Some of this is nothing new. As Digby has repeatedly pointed out, movement conservatives believe that "Conservatism cannot fail, it can only be failed. (And a conservative can only fail because he is too liberal.)" The Sadly, No! crew has repeatedly noted how conservatives such as Jonah Goldberg and Peggy Noonan, who once embraced Bush, have since tried to disown him as a conservative since his stock has fallen. Above all, protect the brand. (See Digby's "Winning By Losing" and Sadly, No's "Everybody Hates Michelle Malkin" for recent takes on this general trend.)

Rove has continued to push this twin agenda, hack attacks on Obama and defenses of the GOP brand, in other pieces such as his 5/15/08 Wall Street Journal piece, "The GOP Must Stand for Something." After downplaying the Democrats' wins in traditionally Republican districts, Rove writes:

But that only shows the GOP can't take "safe" seats for granted when Democrats run conservatives who distance themselves from their national party leaders. The string of defeats should cure Republicans of the habit of simply shouting "liberal! liberal! liberal!" in hopes of winning an election. They need to press a reform agenda full of sharp contrasts with the Democrats.

Why is it tough sledding for Republicans? Public revulsion at GOP scandals was a large factor in the party's 2006 congressional defeat. Some brand damage remains, as does the downward pull of the president's approval ratings. But the principal elements are the Iraq war and a struggling economy.

Gallup's 2007 report found that fewer voters identify themselves as Republicans now than at any point in the past 20 years – despite the fact that less than a fifth of Americans agree with Mr. Obama's call to rapidly withdraw from Iraq. And while many Americans are concerned about the economy, most are satisfied with their own finances.

As Republican ranks declined, the number of independents and Democrats grew. Has the bottom been reached? It's too early to know. But Americans are acknowledging progress in Iraq, economists are suggesting the economy will be in better shape this fall, and a recent ABC/Washington Post poll found GOP identification rising.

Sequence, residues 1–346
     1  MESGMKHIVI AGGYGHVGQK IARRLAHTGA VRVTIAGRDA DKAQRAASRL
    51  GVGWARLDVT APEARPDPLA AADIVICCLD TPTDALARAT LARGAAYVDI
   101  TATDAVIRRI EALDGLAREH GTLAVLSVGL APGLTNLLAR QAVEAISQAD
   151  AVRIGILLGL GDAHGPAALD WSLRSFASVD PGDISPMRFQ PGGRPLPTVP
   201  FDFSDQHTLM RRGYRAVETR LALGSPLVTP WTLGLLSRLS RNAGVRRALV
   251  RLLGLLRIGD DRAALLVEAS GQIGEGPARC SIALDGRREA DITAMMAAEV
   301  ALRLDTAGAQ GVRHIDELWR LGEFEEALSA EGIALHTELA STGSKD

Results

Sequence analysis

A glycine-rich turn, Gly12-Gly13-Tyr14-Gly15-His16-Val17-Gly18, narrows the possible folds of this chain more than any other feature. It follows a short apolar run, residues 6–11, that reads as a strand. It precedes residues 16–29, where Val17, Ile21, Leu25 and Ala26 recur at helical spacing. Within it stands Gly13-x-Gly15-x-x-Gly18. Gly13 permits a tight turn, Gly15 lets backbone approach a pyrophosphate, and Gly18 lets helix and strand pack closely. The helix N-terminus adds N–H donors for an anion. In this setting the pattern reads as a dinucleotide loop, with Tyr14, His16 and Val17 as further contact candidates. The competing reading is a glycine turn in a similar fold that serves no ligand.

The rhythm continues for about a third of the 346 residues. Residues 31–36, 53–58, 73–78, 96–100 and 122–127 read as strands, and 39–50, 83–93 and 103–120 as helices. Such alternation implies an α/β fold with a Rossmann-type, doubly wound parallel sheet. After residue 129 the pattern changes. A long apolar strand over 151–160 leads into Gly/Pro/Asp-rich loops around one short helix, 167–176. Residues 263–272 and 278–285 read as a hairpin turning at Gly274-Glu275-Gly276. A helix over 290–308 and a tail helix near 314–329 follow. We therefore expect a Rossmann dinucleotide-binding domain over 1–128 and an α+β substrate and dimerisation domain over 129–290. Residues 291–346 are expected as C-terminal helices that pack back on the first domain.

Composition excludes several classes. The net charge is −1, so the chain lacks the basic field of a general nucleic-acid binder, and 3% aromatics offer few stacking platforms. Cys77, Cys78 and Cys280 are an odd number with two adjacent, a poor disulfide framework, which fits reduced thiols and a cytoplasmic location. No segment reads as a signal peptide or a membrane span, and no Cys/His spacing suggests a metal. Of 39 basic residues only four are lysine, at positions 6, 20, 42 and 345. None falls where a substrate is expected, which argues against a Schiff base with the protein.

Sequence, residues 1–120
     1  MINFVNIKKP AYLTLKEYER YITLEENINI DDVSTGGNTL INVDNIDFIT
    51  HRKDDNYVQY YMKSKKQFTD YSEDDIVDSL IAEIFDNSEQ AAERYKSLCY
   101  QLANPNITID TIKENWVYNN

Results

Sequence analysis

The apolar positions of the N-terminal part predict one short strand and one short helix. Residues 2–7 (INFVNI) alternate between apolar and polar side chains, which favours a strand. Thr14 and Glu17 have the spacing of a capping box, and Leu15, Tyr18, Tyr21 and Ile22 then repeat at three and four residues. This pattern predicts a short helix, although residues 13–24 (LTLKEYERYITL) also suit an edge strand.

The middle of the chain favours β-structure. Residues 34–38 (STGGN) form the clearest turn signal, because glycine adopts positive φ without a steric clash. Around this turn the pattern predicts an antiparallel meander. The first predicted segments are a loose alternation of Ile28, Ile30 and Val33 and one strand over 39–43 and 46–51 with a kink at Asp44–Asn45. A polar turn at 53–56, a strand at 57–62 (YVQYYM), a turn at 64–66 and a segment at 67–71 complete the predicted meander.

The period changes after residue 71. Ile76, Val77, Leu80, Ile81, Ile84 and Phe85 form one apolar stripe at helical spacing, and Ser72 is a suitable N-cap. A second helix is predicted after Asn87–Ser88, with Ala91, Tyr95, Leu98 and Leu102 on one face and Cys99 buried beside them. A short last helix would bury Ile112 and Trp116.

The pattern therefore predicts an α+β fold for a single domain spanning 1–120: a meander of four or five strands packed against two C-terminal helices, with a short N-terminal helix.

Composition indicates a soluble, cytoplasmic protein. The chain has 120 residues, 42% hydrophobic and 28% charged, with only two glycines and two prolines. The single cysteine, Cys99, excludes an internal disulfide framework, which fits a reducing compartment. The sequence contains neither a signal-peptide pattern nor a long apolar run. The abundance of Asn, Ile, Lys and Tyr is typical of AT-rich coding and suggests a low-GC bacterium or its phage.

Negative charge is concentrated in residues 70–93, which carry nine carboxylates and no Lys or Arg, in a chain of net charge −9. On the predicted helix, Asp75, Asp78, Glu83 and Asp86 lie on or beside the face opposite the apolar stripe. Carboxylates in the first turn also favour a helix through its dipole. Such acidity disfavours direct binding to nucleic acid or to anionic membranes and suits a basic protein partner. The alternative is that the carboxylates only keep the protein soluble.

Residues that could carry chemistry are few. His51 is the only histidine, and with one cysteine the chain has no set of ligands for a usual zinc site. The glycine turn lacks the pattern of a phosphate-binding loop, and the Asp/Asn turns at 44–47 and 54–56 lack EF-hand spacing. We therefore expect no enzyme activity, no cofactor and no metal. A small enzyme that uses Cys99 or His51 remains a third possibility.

Rove's correct that yelling "Liberal!" alone might not help that much, any more than yelling "Appeasement!" (The Moderate Voice nominated Rove's op-ed for its "Ferrell-Fouts Award" for stating the painfully obvious.) In this piece, Rove sounds the same reasons as before for the public's rejection of the GOP "brand" — but the crux of his argument here rests on the idea that the public is mistaken, and that in reality, Obama is out of step with them. Rove is of course peddling absolute bullshit about Obama and Iraq. Not even the web version of Rove's op-ed provides any links for his outrageous claims, of course. But as we recently covered in a McCain-Iraq post, there's plenty of data showing Rove and McCain are on the wrong side of this issue, for example:

A new poll by ICR found 68% of Americans want Congress to use the power of the purse to bring all troops home from Iraq within the next six months. This is up from 54% last September.

Rove also misrepresents Obama's plan for withdrawal, suggesting it's both reckless and unpopular. It's unclear which specific poll Rove's citing and which question he's cherry-picking. He mentions Gallup in 2007 in passing, but Gallup and virtually every other major poll on Iraq (even those poorly worded) show the majority of the American public has opposed our continued occupation of Iraq for some time now. Obama's stances on Iraq have of course been one of his chief appeals to voters, and if anything, the American public is even more impatient to begin withdrawal than Obama is! Rove's claim that "Americans are acknowledging progress in Iraq" is selective and misleading at best. As we've covered countless times, of course there has been some progress in some areas of Iraq, but the situation overall remains horrific, and as the above poll data and other posts we've featured show, the American public overwhelmingly has not budged on the withdrawal issue. Basically, even when Rove's not completely full of shit on factual matters, his point's irrelevant.

Rove's 5/7/08 online discussion at The Washington Post provided plenty of unintentional comedy, but his penchant for combining factual inaccuracies, hackish spin and irrelevant bluster was at its finest in this exchange:

Columbus, Ohio: You boldly predicted that Bush's approval ratings would rebound -- instead he is, according to Gallup, the most unpopular president in history. Will you finally admit that your vision for this nation has been overwhelmingly rejected by the majority of the people?

Karl Rove: Get your facts right -- there are at least three president who had worse approval ratings, Truman, Johnson and Nixon. I'm absolutely positive history will be kind to this president, who made the right decisions in a difficult time for this nation.